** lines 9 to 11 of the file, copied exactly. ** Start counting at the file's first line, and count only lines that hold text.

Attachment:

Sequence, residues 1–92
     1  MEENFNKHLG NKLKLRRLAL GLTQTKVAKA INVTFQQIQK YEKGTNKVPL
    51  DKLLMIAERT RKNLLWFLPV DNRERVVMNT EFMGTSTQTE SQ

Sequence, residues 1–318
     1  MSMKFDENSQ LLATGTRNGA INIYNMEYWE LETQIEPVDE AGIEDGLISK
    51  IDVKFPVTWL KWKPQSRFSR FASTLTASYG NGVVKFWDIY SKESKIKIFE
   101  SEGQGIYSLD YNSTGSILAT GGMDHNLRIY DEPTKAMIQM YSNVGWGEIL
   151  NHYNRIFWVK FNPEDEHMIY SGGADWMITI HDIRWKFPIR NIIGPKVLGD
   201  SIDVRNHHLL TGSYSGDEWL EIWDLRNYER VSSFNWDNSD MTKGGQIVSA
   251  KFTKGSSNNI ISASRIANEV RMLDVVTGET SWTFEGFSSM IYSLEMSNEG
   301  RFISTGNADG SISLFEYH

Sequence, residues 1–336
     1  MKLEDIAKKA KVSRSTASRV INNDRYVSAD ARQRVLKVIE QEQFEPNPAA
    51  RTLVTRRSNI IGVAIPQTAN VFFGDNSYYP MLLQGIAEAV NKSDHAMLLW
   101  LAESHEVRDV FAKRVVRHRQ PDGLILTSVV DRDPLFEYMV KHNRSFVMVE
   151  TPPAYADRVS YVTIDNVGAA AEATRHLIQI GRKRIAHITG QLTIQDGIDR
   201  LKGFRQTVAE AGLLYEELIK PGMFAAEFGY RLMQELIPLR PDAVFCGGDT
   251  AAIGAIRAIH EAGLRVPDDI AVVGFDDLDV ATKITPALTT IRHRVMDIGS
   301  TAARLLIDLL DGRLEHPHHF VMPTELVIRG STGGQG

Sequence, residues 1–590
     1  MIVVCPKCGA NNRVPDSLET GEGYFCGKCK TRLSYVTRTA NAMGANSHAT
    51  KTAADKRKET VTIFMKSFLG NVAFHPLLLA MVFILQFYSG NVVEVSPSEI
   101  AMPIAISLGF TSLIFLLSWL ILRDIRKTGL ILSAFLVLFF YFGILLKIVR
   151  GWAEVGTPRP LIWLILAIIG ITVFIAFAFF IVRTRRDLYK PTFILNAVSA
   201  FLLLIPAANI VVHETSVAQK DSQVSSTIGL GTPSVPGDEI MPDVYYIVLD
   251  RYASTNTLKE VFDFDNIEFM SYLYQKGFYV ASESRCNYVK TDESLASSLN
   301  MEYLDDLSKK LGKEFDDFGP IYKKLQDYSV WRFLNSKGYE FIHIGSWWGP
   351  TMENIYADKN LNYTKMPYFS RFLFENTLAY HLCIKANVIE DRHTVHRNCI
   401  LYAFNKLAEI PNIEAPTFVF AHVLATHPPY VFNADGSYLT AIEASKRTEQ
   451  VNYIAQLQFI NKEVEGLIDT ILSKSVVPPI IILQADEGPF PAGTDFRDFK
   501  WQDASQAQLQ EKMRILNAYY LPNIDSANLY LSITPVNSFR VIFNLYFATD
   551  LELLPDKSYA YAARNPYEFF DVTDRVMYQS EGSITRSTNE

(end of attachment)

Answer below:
   201  SIDVRNHHLL TGSYSGDEWL EIWDLRNYER VSSFNWDNSD MTKGGQIVSA
   251  KFTKGSSNNI ISASRIANEV RMLDVVTGET SWTFEGFSSM IYSLEMSNEG
   301  RFISTGNADG SISLFEYH